Plone Training Day 1 - Hacking Plone

Hacking Plone by Jean Jordaan, Mike Metcalfe, and Kim Nguyen is a one-day session for Web developers, power users and content management leads. Create custom content types, a design for a website, layouts for homepages and content types, custom application logic, and forms-with-workflow application logic. All in the browser!
Plone Training Day 1 - Hacking Plone


Aim of Training

  • Customizing and developing a Plone website with little to no filesystem coding. Everything is done through-the-web (TTW)
  • Providing a means of doing powerful theming techniques using Diazo and Mosaic
  • How to use workflow to manage, track and control the state of a piece of Plone content, e.g., whether it is private or published.

See the hacking plone training page for more information. 

The first part of the training session was geared toward creating a conference demo site using the following techniques:

Building a hierarchy of Dexterity Content-Type

The hierarchy for the conference data we built is shown in the diagram below:

Re-usable content and structure

One of Plone most useful features is being able to run multiple websites on a single instance/install of Plone. The Plone Conference websites, for example,, and is or can be served from the same Plone instance. Multi-tenant or Multi-site Management is an out-of-box feature of Plone. Plone offers a seamless movement of data between Plone website on the same Plone instance. However, if the data needs to be moved to a different Plone instance, there are many obvious ways to do. The one we used in the training was Collective ImportExport.

  • Collective ImportExport addon was used to generate a downloadable zip file for a Plone content and its children directly through the web (TTW). The data exported as a CSV file.
  • We exported the conference data from the Plone Conference 2018 website.
  • Afterwards, we imported it, which includes speakers, locations and sessions. However, a parse script was used to make the generated CSV file more usable by the Demo site.

Allowing Speakers to have an account and unique profile page per Conference.

We then installed Dexterity Membrane addon and added the Membrane Group behaviour to the Speakers Content-Type and the Membrane User behaviour to the Speaker Content-Type.

This behaviour will create users and groups within Plone. Therefore, when a site manager creates a Speaker content object, an associated inactive user account will be created inside the Speakers group for the Conference and a reset password email will be sent to the speaker. Once the speaker reset the password, it will activate the user account and publicly published the speaker profile page. The benefit is being able to create users, groups and their content/profile page from at same time (single entry).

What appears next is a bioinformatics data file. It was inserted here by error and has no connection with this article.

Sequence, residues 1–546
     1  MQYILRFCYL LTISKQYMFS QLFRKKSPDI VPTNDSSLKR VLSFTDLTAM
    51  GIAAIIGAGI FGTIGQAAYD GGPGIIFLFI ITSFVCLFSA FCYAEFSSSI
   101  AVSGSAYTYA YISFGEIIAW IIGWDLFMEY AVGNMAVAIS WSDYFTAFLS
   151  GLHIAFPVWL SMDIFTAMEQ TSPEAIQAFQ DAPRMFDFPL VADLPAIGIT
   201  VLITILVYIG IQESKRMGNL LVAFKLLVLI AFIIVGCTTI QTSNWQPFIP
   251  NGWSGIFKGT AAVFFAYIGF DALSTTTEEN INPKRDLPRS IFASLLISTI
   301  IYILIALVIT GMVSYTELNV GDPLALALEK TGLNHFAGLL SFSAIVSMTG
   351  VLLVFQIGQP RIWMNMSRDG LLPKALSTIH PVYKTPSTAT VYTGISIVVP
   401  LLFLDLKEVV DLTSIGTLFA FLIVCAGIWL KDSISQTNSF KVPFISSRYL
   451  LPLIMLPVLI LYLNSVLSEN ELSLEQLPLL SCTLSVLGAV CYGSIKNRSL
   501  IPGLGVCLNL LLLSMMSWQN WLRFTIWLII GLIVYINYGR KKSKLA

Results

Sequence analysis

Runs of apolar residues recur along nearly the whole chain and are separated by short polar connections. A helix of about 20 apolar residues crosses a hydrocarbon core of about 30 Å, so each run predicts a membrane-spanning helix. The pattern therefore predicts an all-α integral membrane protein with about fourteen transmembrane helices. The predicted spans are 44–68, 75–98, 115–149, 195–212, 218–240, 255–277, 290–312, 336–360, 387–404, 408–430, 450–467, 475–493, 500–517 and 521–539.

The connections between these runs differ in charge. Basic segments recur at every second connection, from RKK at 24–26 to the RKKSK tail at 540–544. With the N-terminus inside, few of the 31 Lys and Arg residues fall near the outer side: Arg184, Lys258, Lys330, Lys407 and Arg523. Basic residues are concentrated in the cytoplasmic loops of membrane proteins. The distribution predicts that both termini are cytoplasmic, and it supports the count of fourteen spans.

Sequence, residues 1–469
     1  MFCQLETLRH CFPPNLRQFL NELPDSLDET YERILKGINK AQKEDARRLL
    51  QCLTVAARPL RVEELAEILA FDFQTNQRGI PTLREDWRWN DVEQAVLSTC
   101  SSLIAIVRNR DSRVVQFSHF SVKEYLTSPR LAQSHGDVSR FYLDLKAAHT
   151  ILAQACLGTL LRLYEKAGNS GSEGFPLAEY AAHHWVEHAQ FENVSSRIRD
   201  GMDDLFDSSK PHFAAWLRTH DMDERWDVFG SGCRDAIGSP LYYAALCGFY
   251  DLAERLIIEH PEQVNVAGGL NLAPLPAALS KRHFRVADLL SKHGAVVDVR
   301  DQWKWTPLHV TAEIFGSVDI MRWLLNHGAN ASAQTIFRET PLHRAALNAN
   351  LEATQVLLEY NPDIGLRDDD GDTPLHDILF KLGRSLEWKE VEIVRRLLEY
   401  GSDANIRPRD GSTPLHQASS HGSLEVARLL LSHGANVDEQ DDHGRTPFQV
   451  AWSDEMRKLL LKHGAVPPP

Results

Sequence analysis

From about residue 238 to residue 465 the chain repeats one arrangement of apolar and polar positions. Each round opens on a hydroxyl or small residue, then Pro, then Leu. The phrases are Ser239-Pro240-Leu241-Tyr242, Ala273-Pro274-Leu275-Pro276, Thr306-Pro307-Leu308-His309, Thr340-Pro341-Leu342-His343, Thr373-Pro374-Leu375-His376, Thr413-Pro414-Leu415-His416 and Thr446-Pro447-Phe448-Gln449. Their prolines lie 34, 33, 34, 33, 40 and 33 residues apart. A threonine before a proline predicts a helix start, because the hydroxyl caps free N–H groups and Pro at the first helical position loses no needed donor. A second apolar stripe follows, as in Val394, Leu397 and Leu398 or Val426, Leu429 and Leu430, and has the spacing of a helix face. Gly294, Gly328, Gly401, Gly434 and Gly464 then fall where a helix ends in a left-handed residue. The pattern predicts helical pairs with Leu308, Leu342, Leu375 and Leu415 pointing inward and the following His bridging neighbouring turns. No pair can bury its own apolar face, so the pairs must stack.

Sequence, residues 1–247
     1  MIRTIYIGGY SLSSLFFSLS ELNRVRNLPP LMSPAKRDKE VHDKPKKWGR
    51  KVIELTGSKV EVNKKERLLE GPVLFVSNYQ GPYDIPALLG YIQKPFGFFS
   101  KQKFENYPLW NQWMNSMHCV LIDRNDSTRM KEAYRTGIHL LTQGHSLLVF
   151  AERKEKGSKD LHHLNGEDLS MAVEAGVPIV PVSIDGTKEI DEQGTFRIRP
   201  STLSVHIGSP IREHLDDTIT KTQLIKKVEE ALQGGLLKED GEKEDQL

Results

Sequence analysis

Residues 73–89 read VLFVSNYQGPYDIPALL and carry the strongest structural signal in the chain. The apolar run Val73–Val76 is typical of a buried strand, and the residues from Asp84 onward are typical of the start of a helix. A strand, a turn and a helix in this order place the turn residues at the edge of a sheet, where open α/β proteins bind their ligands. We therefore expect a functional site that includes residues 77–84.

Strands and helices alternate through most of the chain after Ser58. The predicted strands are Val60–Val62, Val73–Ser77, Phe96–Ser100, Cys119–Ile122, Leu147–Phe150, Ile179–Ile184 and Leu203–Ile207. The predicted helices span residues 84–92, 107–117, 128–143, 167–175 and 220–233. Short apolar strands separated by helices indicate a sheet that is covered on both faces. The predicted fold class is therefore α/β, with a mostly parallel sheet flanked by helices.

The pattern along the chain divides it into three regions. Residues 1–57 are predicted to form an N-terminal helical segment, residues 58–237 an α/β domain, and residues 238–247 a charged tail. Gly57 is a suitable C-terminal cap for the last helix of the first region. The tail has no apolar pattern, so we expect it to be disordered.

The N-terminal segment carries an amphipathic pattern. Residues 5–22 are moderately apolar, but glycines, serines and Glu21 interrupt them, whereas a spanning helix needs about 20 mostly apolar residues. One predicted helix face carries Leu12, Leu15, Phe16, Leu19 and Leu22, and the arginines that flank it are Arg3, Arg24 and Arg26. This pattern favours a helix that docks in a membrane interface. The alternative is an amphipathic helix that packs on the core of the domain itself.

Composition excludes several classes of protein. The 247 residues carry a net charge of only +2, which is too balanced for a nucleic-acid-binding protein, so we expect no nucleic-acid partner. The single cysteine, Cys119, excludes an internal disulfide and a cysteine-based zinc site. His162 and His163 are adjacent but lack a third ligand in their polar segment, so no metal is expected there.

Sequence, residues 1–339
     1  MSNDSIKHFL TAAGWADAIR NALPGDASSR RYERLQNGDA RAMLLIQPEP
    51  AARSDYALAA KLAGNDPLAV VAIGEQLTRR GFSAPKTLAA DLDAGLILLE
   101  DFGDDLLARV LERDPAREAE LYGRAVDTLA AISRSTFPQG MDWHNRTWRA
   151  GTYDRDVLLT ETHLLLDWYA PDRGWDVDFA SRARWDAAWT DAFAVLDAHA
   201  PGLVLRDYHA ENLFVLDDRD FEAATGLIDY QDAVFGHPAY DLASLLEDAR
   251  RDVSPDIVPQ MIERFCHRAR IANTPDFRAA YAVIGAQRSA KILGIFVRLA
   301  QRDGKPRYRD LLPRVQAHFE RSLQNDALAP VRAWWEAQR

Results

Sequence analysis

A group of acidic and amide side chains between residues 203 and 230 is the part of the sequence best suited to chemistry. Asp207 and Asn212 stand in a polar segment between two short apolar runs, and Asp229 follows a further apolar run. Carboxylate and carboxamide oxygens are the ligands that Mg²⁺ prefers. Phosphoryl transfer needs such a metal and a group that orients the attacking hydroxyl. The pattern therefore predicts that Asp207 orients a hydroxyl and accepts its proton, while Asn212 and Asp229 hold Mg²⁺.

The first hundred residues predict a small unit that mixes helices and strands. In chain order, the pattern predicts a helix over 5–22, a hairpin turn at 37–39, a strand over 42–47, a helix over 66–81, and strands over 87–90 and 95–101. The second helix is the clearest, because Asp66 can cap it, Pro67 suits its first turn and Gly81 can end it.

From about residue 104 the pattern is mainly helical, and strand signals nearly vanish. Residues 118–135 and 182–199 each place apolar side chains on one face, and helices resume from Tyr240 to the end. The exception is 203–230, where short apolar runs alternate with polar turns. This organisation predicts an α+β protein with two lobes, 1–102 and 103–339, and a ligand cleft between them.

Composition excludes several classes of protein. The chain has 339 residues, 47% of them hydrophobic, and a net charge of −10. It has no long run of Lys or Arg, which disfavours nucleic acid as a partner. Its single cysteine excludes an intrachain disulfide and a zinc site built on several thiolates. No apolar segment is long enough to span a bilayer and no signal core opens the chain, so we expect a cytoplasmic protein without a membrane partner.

Creating custom views, validators and vocabularies through-the-web

Ambidexterity was then used to create custom pages/views directly through the web.

Ambidexterity allows a site administrator to do TTW edits of views, defaults, validators and vocabularies for Dexterity content types.

Plone Conf 2017 Off-site Lighting Talk

Lunch Time Photos

Managing Workflows and content state

The first part of after lunch session was about using Ambidexterity with Workflow Manager.

Workflow Manager is a very easy TTW tool that could replace the ZCMI Workflow Editor to manage, track and control the state of a piece of Plone content. By using Ambidexterity and Workflow Manager, we were able to assign specific speakers to have a particular workflow.

The benefits of Workflow Manager

  • It allows a site administrator to TTW export and import of views, defaults, validators and vocabularies for Dexterity content types.
  • Assumingly, one can use the exported views, defaults, validators and vocabularies to prototype the look and behaviour of the content type, which can be passed to a developer

The second part of after lunch session was geared towards using ZCMI Workflow Editor to do advance TTW customization. The ZCMI Workflow Editor is a Zope Interface, which Plone is using. Note, Plone is built on top of Zope and ZODB.

For this part, you can follow the workflow training session located at

Benefits of using ZCMI Workflow Editor

  • Advance workflow customization
  • Advance workflow validations

Theming using Mosaic Layout and Multi-theme

Mosaic Layout and Tiles

Configuring the theme using Multi-Theme

Changing the theme colours

Using the theme fragments

Customizing the tiles

Other Important Notes

  • PloneFormGen has more functionality than EasyForm when it comes onto overriding templates, inserting JS code for additional functionality and using data stored as content for Plone. It is more compatible with Plone 5 than a couple of months ago when I tried to use it. It’s the most widely used GUI tool for creating forms.
  • Collective.EasyForm, which is another GUI tool for creating forms. It was said to be the replacement for PloneFormGen after Plone 5.2. However, PloneFormGen still stands strong and with a large community that is pushing it to be more compatible with Plone 5.
  • Uwosh.pfg.d2c, which provides a dynamic content type to store PloneFormGen form data into
  • FormFlow is a relative new GUI form creation tool. It is similar to PloneFormGen, however, it uses Dexterity forms and container to store and manage form fields.

  • Jean Jordaan spoke about the creation of Plomino, a form generator for Plone, which was used in Plone 4.
  • Kim Nguyen gave a brief intro on Castle CMS and the background story of how it came about. He will speak more about Castle CMS in his presentation on Tuesday training session.
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